The brain uses mainly glucose (sugar) for fuel, but it can also use ketones and lactate. During low-calorie dieting, the body produces ketones to supply fuels to the brain. The liver produces ketones that come from fatty acids released during fat breakdown that occur due to low calorie intake. Ketogenic diets (i.e., low-calorie diets that result in ketone production) decrease appetite and increase the feeling of fullness, even during severe caloric restriction. Ketogenic diets also affect risk factors of coronary artery disease. A study led by Antonio Paoli, from the University of Padova in Italy, found that combining a ketogenic diet with omega-3 fatty acid supplements reduced inflammation and improved cardiovascular risk factors better than the ketogenic diet alone. The effects of this combination on cardiovascular disease and the incidence of heart attack are not known.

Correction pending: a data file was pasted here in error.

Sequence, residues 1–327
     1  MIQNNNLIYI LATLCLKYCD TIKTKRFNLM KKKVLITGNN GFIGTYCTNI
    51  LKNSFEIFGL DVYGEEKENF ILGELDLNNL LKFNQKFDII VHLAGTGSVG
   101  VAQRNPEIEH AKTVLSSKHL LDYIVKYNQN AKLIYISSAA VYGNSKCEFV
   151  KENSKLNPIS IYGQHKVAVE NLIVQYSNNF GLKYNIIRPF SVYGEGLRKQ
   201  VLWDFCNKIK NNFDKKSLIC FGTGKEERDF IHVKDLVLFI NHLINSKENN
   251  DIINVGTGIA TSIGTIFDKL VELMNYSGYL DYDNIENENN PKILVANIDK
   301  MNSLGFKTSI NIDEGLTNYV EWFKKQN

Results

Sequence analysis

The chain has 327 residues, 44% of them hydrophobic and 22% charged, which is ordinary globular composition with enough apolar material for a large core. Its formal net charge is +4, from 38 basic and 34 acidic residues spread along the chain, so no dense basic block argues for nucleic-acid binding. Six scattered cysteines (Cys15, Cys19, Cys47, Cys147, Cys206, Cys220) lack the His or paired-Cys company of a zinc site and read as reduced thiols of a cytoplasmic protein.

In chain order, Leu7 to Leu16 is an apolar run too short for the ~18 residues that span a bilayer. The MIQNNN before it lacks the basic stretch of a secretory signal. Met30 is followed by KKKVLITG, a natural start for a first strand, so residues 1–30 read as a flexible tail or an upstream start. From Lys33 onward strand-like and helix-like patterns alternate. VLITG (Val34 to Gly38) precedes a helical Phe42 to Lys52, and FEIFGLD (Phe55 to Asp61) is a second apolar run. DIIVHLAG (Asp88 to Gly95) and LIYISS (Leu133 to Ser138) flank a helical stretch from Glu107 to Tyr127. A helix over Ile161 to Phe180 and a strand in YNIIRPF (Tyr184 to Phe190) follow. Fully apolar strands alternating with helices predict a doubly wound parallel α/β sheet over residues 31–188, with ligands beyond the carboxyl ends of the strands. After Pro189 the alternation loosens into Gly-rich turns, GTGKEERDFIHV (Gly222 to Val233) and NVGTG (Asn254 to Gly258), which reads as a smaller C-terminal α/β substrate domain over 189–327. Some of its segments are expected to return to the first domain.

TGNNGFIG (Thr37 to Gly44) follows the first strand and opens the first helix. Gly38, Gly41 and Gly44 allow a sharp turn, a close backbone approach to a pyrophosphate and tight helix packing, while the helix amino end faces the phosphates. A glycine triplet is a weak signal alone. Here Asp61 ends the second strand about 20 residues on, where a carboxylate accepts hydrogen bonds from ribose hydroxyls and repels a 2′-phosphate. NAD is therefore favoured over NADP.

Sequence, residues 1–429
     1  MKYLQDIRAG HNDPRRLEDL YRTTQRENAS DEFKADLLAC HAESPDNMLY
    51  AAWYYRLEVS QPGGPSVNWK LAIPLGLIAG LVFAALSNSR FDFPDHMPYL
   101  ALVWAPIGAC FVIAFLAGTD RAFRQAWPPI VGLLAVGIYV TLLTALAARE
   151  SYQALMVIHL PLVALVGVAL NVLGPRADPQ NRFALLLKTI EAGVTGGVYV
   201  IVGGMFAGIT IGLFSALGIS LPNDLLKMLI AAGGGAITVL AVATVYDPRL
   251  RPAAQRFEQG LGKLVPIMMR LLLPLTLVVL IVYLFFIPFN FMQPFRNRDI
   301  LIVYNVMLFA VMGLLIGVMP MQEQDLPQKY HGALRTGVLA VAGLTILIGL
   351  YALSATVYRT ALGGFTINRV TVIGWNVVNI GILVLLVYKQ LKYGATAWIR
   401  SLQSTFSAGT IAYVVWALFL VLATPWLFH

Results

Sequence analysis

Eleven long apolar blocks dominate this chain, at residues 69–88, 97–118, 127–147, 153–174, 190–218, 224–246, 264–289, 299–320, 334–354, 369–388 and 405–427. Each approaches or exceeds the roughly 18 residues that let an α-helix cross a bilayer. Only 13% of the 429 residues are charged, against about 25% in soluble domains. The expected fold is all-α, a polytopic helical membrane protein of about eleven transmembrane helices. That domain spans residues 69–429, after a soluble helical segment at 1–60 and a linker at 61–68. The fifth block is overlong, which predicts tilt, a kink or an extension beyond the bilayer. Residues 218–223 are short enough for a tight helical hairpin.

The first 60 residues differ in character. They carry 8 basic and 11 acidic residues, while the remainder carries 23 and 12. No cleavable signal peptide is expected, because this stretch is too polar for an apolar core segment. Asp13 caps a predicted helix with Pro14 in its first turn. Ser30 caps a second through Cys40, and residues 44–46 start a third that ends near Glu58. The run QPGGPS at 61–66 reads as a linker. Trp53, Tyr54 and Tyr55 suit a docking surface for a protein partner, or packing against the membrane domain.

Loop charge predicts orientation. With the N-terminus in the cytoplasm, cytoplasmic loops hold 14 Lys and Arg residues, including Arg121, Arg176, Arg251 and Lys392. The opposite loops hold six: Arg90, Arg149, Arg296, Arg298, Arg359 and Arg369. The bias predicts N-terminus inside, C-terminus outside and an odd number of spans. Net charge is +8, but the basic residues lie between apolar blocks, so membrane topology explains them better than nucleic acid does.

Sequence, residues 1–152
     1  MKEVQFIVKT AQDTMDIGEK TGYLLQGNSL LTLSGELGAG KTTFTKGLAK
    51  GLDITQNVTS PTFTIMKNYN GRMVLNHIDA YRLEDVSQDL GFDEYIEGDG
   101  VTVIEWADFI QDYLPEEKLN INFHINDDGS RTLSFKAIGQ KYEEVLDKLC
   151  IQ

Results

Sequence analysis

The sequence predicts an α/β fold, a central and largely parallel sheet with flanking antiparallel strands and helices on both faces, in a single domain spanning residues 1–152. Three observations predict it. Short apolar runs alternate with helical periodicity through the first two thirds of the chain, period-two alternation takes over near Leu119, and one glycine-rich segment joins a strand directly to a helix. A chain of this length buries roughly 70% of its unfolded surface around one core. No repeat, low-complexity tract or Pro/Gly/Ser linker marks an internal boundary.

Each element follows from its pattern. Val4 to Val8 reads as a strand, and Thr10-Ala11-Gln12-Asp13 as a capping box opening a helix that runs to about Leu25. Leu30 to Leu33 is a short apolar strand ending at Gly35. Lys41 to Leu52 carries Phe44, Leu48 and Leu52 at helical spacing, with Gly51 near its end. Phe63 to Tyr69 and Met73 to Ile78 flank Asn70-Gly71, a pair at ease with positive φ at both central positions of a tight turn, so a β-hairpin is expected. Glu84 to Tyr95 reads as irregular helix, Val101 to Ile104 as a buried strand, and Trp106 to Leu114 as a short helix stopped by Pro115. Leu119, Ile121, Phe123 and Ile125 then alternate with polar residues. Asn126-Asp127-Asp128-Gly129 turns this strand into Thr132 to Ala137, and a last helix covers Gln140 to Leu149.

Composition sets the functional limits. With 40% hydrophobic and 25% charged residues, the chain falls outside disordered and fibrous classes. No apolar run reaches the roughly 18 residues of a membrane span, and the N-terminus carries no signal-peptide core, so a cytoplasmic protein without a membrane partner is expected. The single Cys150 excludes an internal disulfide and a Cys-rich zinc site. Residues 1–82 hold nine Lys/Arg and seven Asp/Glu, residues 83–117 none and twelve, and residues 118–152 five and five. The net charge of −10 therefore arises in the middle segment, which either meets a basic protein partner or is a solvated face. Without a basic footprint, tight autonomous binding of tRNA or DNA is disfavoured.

Source: Marine Drugs, 13: 996-1009, 2015